After the novel is done, you must decide whether or not it needs a prologue. If it would help clarify or carry on the plot of the story, then it is a necessary evil. When you write a prologue for a novel, you must keep some things in mind in order to make it work for you instead of against you.
Write a prologue for a novel as though it were its own short story, with a beginning middle and end. The only difference would be that you cannot resolve any conflict in the prologue.
Have a strong hook at the beginning of the prologue, but don't believe that this means you don't have to have a good hook at the beginning of the book. Intrigue the reader with a strong entry into the prologue, and then an equally intriguing first chapter.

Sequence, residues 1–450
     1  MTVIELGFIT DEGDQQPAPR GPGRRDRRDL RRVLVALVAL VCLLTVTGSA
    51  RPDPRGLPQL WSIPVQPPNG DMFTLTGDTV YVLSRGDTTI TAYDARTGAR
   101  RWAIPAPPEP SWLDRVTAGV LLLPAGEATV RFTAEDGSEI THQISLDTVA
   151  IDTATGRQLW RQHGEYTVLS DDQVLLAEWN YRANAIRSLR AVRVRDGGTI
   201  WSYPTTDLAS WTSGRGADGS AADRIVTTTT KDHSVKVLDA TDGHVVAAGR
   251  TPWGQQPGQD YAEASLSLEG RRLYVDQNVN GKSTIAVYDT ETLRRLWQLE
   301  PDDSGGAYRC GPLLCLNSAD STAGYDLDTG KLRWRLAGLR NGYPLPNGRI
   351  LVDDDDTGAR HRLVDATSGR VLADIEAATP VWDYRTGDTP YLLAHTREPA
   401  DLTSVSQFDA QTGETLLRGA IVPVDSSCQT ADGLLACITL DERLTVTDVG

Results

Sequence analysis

Change the feel of the prologue and make it stand out from the rest of the novel. Write the prologue from a different point of view or set it in a different time frame from the novel itself.
Add some background information for your character or story line in the prologue. This should be done only if it is absolutely necessary and it should be written with a flare that matches the content of the novel.
Read many different prologues to get ideas for your own. As every writer knows, in order to write well, you must read many other writers and genres to hone your craft. Treat writing a prologue for a novel in the same manner.
Use a bit of the book that you cut before and couldn't reintroduce. Sometimes you come up with a real gem of a phrase, but you can't find a place for it in the novel itself. Try tweaking the phrase and expanding on it and then write the prologue around it.